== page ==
Memory for your NAS – Crucial RAM for your Synology and QNAP Guide

Choosing the Right Memory for your Synology and QNAP NAS

A network attached storage device, or NAS, is very similar to a regular desktop computer in so many ways. The Architecture of the NAS device in terms of hardware has not changed a great deal between the two, with both still featuring a motherboard, CPU, hard drives and, of course, memory. The memory, or RAM as it’s more commonly known, is the part of the NAS that is dedicated to handling random and incidental instances of data use. In real terms that means that it is the part of the computer that dictates how many programs or tasks or actions can be handled at any given time by the NAS system. Sure, the CPU dictates the power of the machine, but think of the memory as the extent to which (and the frequency of) the tasks can perform. All NAS devices arrive with a portion of memory includes, typically in the form of Gigabytes, and generally around 1-4GB to compliment the CPU and ensure smooth running for general use. But what about extensive use? Specialised use? tasks that require enhanced rendering (creation)not graphics or those that require many, many users to access the NAS at once? It is for reasons such as these that many users look at upgrading their NAS drive with more memory, often doubling, trebling or quadrupling the existing RAM inside to push performance.

Choosing the Right Compatible Memory for my NAS

Like most technology, NAS server devices can differ greatly from one to another and if you are looking to upgrade the RAM on your NAS, you should ensure you choose the right compatible memory for your NAS. important factors to consider:

DDR 1, 2, 3, 4 or 5?

As newer and better performing RAM has been developed, the physical build of memory has changed. Factors such as the efficiency of the chips on-board to the connectors themselves have changed. Always be sure to check that the memory you choose is the right DDR and DIMM for your NAS. Generally, all modern NAS use DDR3, DDR3L or DDR4 right now. Also, most Desktop NAS use SO-DIMM and rackmount use LONG-DIMM. Though this is by no means concrete and often there are exceptions to the rule. ALWAYS check first!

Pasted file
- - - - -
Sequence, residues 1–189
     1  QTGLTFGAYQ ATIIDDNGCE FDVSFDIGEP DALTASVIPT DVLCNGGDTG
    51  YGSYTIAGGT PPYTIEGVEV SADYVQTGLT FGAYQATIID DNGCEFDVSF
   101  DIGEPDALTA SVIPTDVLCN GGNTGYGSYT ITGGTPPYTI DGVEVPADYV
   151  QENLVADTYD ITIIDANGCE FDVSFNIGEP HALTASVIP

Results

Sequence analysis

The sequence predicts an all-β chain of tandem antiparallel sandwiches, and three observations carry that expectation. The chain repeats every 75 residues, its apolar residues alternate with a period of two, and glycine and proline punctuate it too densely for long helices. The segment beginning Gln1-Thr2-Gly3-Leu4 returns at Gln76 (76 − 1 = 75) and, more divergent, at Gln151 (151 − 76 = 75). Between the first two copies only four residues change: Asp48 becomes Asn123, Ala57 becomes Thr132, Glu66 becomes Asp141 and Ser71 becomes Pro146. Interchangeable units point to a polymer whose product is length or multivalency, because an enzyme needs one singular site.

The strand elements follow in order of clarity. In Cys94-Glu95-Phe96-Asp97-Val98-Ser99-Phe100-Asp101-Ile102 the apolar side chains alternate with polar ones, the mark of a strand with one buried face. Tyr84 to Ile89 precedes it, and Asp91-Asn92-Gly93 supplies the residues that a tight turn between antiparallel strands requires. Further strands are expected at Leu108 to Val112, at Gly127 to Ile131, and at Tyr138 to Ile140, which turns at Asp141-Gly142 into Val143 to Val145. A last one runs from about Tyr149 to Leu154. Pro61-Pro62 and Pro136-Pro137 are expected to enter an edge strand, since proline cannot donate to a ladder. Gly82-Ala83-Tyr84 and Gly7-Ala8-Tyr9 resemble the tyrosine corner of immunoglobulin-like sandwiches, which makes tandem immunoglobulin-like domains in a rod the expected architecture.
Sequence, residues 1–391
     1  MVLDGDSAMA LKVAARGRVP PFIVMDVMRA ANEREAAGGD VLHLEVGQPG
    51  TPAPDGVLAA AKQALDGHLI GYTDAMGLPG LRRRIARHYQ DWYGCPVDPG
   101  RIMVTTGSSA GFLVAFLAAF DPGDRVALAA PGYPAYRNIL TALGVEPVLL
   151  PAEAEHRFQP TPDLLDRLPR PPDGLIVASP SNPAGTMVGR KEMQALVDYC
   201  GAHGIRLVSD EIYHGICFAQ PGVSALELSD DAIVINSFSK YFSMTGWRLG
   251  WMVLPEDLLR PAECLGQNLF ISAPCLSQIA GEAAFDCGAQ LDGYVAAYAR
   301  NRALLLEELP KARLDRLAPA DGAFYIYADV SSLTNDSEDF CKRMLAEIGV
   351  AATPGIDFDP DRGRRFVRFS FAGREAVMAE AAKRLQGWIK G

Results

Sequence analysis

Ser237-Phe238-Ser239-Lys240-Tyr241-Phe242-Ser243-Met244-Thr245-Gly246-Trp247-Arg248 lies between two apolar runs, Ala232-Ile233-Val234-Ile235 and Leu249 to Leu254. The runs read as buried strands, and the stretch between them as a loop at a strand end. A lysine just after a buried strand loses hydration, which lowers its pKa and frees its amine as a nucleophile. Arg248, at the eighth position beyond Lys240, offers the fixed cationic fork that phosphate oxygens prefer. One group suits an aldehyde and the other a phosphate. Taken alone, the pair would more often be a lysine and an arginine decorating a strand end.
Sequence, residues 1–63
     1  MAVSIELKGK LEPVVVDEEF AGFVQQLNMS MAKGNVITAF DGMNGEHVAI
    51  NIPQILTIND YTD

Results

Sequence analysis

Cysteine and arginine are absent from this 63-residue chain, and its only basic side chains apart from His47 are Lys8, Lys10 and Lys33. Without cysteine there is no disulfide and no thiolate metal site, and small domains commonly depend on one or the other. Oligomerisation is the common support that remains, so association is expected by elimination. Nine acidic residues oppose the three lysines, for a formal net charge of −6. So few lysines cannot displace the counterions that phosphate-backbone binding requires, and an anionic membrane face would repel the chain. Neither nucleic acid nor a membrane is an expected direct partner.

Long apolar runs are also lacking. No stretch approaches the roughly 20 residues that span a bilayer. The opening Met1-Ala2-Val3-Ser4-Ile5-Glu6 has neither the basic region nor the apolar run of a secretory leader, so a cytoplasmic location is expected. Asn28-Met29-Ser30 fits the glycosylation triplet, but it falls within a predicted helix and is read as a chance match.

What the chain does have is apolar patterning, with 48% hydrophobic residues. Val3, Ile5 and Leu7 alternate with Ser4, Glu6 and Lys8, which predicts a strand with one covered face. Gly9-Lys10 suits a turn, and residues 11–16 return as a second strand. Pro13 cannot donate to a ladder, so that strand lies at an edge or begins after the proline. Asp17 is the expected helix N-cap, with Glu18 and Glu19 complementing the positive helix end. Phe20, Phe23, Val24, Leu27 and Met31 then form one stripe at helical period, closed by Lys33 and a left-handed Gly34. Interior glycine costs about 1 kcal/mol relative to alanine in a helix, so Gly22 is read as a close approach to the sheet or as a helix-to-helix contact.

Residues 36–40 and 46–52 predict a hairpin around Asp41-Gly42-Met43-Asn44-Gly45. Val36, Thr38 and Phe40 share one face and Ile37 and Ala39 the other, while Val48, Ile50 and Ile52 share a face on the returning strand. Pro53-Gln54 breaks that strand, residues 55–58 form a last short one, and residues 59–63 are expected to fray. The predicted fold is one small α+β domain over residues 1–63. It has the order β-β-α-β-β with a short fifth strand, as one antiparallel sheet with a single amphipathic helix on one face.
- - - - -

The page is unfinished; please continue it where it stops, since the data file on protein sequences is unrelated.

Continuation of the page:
Memory Frequency

The MHz frequency band of the RAM dictates the speed of communication/package handling of data via the memory when in use. It is for this reason (among others) that RAM should always be in pairs (eg, 2 sticks of the same capacity/speed) or a single stick. So that these speeds are stable. Generally the lowest memory frequency you should look for us 1600mhz and ideally 1866mhz minimum if supported.

Memory Capacity

The capacity of memory, almost always dictated in gigabytes, is the amount of data available to handle tasks and applications actioned by the CPU at any given time. The more capacity you have, the greater the weight of tasks/apps/users you can handle. All actions and executed applications require memory space and are pretty much the main reason people upgrade the RAM on their NAS.
There are other factors such as Electronic Error Correction (ECC) memory that check/repair handled data to maintain integrity or passive cooling that improves speeds under heavy use, but these are especially Enterprise considerations for NAS and found in rackmount devices mostly.

Official Memory NAS upgrades Vs Crucial Memory

As you would expect, most NAS brands such as Synology or QNAP sell their own business official memory upgrades to their NAS drive devices. I, these official upgrades are much, much more expensive than crucial memory alternatives, even though they are often the EXACT SAME Memory! This could be due to packaging, manufacturer, specialised testing, or simply to make a quick buck! Also, many NAS brands sell their own branded NAS, but a quick look at their compatibility pages show they can still support crucial memory fine. The result is that in most cases, you can save a good chunk of money by buying crucial memory, rather than the Synology or QNAP official RAM. Just always be sure to check in advance on the NAS memory compatibility pages before you buy as brands can change their compatibility in later releases and we cannot be held accountable for that.